CYP3A4 and CYP3A5 polymorphisms and blood pressure response to amlodipine among African-American men and women with early hypertensive renal disease.
PURPOSE: To explore the association between CYP3A4 and CYP3A5 gene polymorphisms and blood pressure response to amlodipine among participants from the African-American Study of Kidney Disease and Hypertension Trial randomized to amlodipine (n = 164). METHODS: Cox proportional hazards models were used to determine the risk of reaching a target mean arterial pressure (MAP) of < or =107 mm Hg by CYP3A4 (A-392G and T16090C) and CYP3A5 (A6986G) gene polymorphisms, stratified by MAP randomization group (low or usual) and controlling for other predictors for blood pressure response. RESULTS: Women randomized to a usual MAP goal with an A allele at CYP3A4 A-392G were more likely to reach a target MAP of 107 mm Hg. The adjusted hazard ratio (AA/AG compared to GG) with 95% confidence interval was 3.41 (1.20-9.64; p = 0.020). Among participants randomized to a lower MAP goal, those with the C allele at CYP3A4 T16090C were more likely to reach target MAP: The adjusted hazard ratio was 2.04 (1.17-3.56; p = 0.010). After adjustment for multiple testing using a threshold significance level of p = 0.016, only the CYP3A4 T16090C SNP remained significant. CYP3A5 A6986G was not associated with blood pressure response. CONCLUSIONS: Our findings suggest that blood pressure response to amlodipine among high-risk African-Americans appears to be determined by CYP3A4 genotypes, and sex specificity may be an important consideration. Clinical applications of CYP3A4 genotype testing for individualized treatment regimens warrant further study.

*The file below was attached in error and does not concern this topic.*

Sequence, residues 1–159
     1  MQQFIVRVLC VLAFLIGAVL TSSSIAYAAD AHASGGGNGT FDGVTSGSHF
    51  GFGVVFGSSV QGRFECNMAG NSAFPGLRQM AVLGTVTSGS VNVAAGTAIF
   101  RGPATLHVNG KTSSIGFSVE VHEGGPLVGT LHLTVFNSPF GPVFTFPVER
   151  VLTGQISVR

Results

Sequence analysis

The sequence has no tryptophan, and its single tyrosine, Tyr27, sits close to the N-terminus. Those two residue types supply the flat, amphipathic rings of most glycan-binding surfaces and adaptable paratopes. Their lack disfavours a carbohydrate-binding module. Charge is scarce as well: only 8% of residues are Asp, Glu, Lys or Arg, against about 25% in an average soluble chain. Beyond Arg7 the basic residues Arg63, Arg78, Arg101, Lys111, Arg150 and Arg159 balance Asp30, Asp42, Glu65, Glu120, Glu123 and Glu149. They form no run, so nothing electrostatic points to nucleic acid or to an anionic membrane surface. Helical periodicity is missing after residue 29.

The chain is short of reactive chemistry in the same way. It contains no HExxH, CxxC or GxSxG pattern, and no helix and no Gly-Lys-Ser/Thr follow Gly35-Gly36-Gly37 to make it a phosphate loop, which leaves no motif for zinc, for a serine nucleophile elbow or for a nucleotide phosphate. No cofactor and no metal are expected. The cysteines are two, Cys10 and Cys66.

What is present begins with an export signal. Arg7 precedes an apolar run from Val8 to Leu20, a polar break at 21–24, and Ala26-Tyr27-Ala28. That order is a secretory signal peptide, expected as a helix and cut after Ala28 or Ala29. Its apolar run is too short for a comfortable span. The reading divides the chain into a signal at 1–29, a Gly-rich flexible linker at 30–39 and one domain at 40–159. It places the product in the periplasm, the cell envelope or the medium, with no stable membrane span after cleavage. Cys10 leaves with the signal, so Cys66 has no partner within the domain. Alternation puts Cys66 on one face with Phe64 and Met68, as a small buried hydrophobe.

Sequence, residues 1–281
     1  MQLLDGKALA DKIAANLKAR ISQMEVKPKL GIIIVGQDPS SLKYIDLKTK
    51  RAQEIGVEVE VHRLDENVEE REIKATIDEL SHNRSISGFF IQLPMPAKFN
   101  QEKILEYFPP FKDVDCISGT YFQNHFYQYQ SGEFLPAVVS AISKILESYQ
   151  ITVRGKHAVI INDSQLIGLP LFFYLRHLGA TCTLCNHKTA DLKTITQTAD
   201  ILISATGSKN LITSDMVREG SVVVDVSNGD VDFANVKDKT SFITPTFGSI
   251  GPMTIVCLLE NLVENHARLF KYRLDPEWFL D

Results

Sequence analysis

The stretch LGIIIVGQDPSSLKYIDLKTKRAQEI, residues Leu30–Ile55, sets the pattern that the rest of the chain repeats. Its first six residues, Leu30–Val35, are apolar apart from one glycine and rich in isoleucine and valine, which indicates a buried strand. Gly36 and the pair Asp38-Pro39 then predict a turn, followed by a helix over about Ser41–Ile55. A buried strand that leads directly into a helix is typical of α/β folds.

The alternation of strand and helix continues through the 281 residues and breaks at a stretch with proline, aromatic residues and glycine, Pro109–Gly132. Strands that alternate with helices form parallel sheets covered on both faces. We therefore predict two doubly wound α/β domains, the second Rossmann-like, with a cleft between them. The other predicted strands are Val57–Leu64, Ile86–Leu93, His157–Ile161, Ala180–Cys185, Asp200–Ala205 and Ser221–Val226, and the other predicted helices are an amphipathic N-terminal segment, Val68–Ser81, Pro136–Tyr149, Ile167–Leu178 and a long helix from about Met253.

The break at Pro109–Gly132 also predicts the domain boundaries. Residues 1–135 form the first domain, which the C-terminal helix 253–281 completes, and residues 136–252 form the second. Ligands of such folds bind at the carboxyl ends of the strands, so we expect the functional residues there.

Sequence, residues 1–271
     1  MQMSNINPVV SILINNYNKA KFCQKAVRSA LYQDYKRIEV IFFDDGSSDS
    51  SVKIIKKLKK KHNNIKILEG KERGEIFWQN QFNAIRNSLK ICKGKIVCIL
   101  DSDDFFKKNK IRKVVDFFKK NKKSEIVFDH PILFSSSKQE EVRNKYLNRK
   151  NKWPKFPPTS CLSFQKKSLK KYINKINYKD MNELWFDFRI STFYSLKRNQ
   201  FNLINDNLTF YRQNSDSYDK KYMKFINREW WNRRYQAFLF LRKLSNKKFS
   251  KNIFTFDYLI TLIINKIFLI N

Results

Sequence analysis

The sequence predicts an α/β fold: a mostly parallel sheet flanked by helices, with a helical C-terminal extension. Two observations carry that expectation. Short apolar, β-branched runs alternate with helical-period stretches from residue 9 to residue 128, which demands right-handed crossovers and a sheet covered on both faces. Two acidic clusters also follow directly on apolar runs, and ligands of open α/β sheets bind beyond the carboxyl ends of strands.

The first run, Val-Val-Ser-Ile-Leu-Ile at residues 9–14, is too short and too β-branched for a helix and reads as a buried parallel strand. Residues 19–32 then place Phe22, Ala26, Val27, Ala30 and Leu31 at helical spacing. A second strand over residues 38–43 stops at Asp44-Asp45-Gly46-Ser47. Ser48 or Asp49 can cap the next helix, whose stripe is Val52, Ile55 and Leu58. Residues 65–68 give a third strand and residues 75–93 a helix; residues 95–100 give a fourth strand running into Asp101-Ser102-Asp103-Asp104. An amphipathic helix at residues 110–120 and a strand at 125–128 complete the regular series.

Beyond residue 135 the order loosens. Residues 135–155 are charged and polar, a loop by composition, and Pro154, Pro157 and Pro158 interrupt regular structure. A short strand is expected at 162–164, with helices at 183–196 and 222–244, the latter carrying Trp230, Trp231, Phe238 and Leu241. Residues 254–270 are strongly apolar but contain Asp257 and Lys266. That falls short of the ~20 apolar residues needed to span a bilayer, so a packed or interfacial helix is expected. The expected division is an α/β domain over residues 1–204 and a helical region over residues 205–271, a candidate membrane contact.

Bhatnagar, V; Garcia, EP; O'Connor, DT; Brophy, VH; Alcaraz, J; Richard, E; Bakris, GL; Middleton, JP; Norris, KC; Wright, J; Hiremath, L; Contreras, G; Appel, LJ; Lipkowitz, MS; AASK Study Investigators,
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